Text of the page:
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The FCC is finally voting on restoring net neutrality—3 years after Biden took office

The lengthy delay raises questions about the administration's commitment.


Katherine Huggins


Posted on Apr 3, 2024

The Federal Communications Commission (FCC) will vote later this month on restoring net neutrality rules rescinded during former President Donald Trump’s administration, FCC Chair Jessica Rosenworcel announced on Wednesday.

The vote comes over three years into President Joe Biden’s administration.

Net neutrality is the principle that internet service providers must treat all data on the internet fairly, meaning that companies like Verizon or Comcast can’t favor certain data with faster speeds and throttle or slow down access to other material.

In 2017, the GOP-led FCC repealed the federal government’s net neutrality rules established during the Obama administration.

In response, states like California pushed strong laws to challenge big telecom in the absence of federal oversight.

“After the prior administration abdicated authority over broadband services, the FCC has been handcuffed from acting to fully secure broadband networks, protect consumer data, and ensure the internet remains fast, open, and fair,” Rosenworcel said in a statement announcing the vote. “A return to the FCC’s overwhelmingly popular and court-approved standard of net neutrality will allow the agency to serve once again as a strong consumer advocate of an open internet.”

The announcement is a formality, as the Democrat-led FCC will likely approve the measure. However, the process of implementing them if approved gets difficult, given how close the announcement comes to the 2024 election. If Trump were to defeat Biden, the Democrats would lose their majority on the FCC.

While the Biden administration continually advocated for the restoration of federal net neutrality rules, the administration’s inability to fully staff the FCC for more than half his presidency prevented any actual action.

Biden dithered on nominating a fifth commissioner to the FCC, and when he finally picked Gigi Sohn, allowed her to twist in the wind for over a year before she withdrew her nomination.

Given the administration’s slow walk even after his FCC got a majority in September 2023, when the Senate approved Anna Gomez, some have questioned Biden’s commitment to the movement. When he announced his campaign for president, Biden’s first fundraiser was with a big telecom executive.

If the rules are restored, Rosenworcel says the FCC would once again play a role in preventing “broadband providers from blocking, slowing down, or creating pay-to-play internet fast lanes;” conducting oversight of broadband outages and boosting security of networks; increasing consumer protections; and restoring a national standard on internet access.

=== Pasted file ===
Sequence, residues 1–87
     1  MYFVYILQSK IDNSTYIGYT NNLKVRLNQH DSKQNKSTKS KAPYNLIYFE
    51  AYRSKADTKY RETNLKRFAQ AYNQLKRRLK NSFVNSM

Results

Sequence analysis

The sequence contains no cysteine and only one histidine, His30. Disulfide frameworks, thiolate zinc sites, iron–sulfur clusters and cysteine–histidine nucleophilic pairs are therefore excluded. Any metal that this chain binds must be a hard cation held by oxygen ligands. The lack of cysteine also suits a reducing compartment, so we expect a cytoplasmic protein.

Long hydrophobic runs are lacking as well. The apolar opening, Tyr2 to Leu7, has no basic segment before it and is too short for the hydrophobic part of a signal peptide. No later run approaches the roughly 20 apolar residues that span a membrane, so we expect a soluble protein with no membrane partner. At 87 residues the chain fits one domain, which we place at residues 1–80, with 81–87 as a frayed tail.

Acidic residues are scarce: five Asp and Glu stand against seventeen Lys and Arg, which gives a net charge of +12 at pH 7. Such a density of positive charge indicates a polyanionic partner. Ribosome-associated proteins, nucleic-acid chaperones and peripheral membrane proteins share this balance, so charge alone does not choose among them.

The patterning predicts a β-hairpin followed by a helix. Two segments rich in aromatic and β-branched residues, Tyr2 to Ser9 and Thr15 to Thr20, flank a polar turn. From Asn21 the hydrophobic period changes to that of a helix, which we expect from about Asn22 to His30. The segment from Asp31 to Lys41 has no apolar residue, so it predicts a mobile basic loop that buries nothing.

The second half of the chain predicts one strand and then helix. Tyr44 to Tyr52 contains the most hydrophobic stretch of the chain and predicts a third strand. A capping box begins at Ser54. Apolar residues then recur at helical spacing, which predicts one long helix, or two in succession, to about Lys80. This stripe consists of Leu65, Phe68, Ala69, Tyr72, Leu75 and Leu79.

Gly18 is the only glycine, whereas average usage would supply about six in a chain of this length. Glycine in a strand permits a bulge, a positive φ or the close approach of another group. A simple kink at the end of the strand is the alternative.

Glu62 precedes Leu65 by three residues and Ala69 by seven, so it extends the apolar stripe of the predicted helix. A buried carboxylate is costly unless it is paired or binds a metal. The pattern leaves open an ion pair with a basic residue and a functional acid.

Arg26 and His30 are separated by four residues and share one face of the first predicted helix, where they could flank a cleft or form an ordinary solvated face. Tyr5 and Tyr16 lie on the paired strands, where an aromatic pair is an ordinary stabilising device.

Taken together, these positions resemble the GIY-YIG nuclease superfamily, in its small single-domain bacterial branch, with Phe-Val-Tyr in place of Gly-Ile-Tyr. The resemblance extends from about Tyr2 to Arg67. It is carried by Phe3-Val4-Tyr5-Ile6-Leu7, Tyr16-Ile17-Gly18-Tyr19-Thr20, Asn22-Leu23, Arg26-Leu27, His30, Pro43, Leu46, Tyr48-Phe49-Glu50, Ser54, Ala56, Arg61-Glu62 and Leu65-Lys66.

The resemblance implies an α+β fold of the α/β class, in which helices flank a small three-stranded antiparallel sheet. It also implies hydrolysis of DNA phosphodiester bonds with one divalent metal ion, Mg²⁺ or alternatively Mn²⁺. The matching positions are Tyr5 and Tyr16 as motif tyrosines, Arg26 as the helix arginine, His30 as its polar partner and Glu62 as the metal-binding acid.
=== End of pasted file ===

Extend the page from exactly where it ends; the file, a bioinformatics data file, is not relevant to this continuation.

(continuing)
The announcement marks progress toward a longstanding goal of Rosenworcel, who denounced the 2017 decision as putting the FCC “on the wrong side of history, the wrong side of the law, and the wrong side of the American public.”

The move, which has long been expected, is already facing GOP backlash

“The Biden FCC’s net neutrality proposal is a solution—a heavy-handed government solution—in search of a problem, and it’s likely to create problems where none exist.” Sen. John Thune (R-S.D.) said in January. “Given the Biden administration’s demonstrated willingness to use its regulatory power to advance its far-left economic and social agendas, it’s not hard to imagine the Biden administration using its new net neutrality powers to shape Americans’ internet experience for its own ends.”

In October, 41 Republican senators including Thune signed onto a letter rebuking Rosenworcel’s efforts to reinstate the Obama-era rules.

“Re-imposing heavy-handed, public-utility regulations on the internet would threaten the progress our country has made since 2017, and it would steer our country out of the fast lane and into a world of less competition for consumers, less choice, less investment, slower speeds, and higher prices,” the senators wrote, arguing the FCC “lacks this statutory authority over broadband internet access.”

But proponents of net neutrality rules argue the oversight would promote an open internet and free speech.

“Fair and open access to the Internet underpins virtually every aspect of American life,” Alan Davidson, an administrator at the National Telecommunications and Information Administration said in March. “The Biden administration supports the FCC’s efforts to put rules in place that preserve an open internet, promote national security, and protect consumers.”

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*First Published: Apr 3, 2024, 12:08 pm CDT